The Paradox of 'Abstract Ideas'
Alan L. Durham
University of Alabama - School of Law
January 1, 2011
Utah Law Review, Vol. 2011, No. 3, p. 797, 2011
Since the 19th Century, courts have held that “abstract ideas” are not patentable subject matter. After the Supreme Court’s Bilski decision, the abstract ideas exclusion is more important than ever as a limitation on patents for computer-implemented business methods and other information-age technologies. But the long history of the abstract ideas exception is one of persistent obscurity, in part because, in important respects, all inventions are abstract ideas, and in part because courts have not consistently identified which of several policy goals is the proper focus of this non-statutory subject matter inquiry. If the principle concern is overbreadth, other patent doctrines – like the enablement and written description requirements – provide a better context for comparing the claimed invention to the patentee’s contribution to the art. On the other hand, if the principle concern is to deny patents to endeavors that are not technological, the courts should adopt an explicit definition of the “useful arts” subject to patenting, rather than defer to the perennial source of confusion that is the “abstract ideas” exception.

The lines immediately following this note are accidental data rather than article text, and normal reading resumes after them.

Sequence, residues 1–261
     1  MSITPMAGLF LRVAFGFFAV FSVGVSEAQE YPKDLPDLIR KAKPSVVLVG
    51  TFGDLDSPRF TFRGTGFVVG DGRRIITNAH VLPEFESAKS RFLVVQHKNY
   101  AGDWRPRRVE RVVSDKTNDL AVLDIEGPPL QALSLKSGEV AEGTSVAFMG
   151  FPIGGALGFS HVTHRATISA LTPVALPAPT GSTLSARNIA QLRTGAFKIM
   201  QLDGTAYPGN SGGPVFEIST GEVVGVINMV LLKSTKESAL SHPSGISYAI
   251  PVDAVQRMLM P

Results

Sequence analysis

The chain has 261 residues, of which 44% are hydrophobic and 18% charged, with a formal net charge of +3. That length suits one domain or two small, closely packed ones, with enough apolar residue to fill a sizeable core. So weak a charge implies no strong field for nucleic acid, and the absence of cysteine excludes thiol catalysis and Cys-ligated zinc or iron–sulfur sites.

Number of Pages in PDF File: 57
Keywords: patents, software, business methods, patentable subject matter, abstract ideasAccepted Paper Series
Date posted: October 16, 2012
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